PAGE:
Sorry for all the bitching. Overall you guys are doing a fantastic job. I buy your mag every month, and will continue to do so.
It’s refreshing to get a letter with some bite to it, too much overwhelming praise can go to one’s head.
Although we do include more American news than we did back when we were Cannabis Canada, we’re still giving full coverage of the Canadian scene. I strive to cover all of the major pot-news from around the world, with a focus on those regions at the cutting edge of marijuana culture and law reform.
What does decriminalization mean to you? Some people are afraid that it means pot-heads will be puffing their herb everywhere, blowing smoke at unsuspecting straight citizens.
Let’s be serious. We have to have regulations and laws that work in order for anything to succeed.
Homebrew is a legal product. Homegrown should follow similar laws. You can brew beer at home or in a brewhouse, but homebrew can only be consumed at home. If you leave your property or sell your homebrew you can be charged. The laws could be adapted to include homegrown but still give us back our basic freedoms.
It is time to stop making cannabis criminals of us and our children.
Ron McInnes A Canadian Cannabis Criminal The Pot Shop PO Box 495, Washago, Ontario, L0C 2B0
Let me start by saying I love the magazine. I’m only on my third issue, but I look forward to many more. I recently got back into weed, and with the help of you guys and HT, I have developed a keen interest in this beautiful plant. The only problem is, every time I try to find the weed described in your magazine (ie. NL, the skunks, etc.), I get a “huh?” Or I’ll get “it’s just weed, man.” Any ideas?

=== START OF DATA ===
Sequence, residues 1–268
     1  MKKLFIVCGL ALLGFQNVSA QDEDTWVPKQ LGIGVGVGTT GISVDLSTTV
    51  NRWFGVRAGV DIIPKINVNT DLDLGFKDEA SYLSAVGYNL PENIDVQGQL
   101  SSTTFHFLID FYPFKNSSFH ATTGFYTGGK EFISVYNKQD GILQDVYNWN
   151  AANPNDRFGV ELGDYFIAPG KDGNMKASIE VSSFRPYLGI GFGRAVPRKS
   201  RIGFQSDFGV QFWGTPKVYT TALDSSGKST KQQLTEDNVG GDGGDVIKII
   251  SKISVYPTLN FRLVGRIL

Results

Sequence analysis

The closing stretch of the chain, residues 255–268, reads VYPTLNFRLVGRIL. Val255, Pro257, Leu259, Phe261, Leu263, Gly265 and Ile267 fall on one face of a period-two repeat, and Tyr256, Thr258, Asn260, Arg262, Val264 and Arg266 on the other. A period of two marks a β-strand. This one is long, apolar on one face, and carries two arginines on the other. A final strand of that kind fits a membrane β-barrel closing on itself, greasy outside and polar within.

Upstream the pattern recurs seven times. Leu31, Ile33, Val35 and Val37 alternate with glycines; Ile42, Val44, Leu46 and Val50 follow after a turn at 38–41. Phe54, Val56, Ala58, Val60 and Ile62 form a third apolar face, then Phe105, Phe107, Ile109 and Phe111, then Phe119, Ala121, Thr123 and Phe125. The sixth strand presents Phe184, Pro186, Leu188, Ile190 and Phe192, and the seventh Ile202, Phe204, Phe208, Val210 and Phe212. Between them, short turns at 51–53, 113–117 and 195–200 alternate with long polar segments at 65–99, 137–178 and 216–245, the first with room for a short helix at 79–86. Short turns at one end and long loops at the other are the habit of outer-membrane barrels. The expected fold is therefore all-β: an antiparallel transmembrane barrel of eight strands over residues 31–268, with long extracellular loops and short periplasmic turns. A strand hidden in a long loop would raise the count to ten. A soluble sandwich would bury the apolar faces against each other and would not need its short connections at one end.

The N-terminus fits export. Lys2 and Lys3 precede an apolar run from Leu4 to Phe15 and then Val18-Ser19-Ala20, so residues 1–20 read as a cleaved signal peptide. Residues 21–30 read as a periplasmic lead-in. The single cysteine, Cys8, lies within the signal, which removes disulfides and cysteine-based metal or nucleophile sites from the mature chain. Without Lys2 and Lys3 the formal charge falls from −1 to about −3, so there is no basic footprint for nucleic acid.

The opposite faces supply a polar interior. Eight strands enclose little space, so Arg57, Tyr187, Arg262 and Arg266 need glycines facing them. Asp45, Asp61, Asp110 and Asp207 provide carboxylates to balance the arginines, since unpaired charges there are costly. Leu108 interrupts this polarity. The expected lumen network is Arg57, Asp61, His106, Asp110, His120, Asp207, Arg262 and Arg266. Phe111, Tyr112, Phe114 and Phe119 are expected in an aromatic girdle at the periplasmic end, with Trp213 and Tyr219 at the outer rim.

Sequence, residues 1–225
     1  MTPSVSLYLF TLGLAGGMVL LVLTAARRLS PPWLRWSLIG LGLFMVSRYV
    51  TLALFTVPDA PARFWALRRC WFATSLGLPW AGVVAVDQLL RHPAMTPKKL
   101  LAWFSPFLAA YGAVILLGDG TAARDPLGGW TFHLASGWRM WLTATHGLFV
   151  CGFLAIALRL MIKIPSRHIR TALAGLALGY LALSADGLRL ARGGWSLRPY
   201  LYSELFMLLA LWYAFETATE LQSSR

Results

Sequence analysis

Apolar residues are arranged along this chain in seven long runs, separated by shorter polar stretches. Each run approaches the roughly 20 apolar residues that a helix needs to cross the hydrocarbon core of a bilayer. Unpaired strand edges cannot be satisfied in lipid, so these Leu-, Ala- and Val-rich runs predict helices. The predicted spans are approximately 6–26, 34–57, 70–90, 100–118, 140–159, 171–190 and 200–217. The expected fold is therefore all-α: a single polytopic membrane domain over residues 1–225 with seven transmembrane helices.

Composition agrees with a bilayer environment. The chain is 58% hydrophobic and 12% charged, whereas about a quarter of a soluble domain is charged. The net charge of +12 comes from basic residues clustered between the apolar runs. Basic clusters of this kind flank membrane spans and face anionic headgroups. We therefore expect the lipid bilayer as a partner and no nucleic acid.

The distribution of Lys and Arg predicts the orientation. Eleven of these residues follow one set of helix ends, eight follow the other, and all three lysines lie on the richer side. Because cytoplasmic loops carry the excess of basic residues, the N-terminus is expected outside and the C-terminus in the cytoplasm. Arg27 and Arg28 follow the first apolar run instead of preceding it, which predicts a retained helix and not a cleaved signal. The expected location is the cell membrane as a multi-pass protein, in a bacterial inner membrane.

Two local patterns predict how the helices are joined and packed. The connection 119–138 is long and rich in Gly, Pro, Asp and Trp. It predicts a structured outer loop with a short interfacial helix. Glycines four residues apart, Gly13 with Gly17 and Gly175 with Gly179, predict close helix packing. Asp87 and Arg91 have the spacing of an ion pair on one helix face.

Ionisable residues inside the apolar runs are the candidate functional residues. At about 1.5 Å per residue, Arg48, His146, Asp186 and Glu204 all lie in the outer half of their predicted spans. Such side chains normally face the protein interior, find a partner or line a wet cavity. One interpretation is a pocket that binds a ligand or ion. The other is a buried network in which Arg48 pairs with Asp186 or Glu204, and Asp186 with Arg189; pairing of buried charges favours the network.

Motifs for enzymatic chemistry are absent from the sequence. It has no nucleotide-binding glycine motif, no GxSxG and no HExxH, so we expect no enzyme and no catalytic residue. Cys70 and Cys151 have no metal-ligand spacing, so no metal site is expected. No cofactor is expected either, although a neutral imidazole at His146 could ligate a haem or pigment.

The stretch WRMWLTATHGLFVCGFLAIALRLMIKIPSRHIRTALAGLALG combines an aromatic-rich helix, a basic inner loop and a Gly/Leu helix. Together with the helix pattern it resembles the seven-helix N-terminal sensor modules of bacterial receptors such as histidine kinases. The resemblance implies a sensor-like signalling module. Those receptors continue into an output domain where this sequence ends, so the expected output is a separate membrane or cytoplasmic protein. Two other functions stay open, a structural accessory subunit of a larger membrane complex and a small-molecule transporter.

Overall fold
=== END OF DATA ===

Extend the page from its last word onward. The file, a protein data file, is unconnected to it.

Hoping for help,
When I started smoking pot in high school, I thought that “skunk” was just a code-word for marijuana. Every pot that I saw was called skunkweed, whether it was good, bad or indifferent. I didn’t realize that skunk was actually just one strain out of many until years later.
The identification and naming of strains is really most important to the breeder, who needs to keep track of what he’s growing, and to market his bud or seed.
Unless the people you buy from are the growers themselves, they probably have little interest in the name of the pot they carry. They’re just middlemen who sell nice buds for profit. Some might be aware enough to know the name of their strains, a few might have multiple varieties on hand, none will approach the vast array of genetic variation available in the first eight pages of this magazine.
The moral of the story is simply this: if you want to know exactly what you’re smoking, grow it yourself.
Know also that although the genetic heritage of your seed is very important, so is the care with which it is grown. The finest seeds will produce lame buds if grown neglectfully, while enough TLC will eke out some kind buds from the most pathetic plant. So name brand is not the most important thing. And of course, when you get right down to it, it is all just weed… man.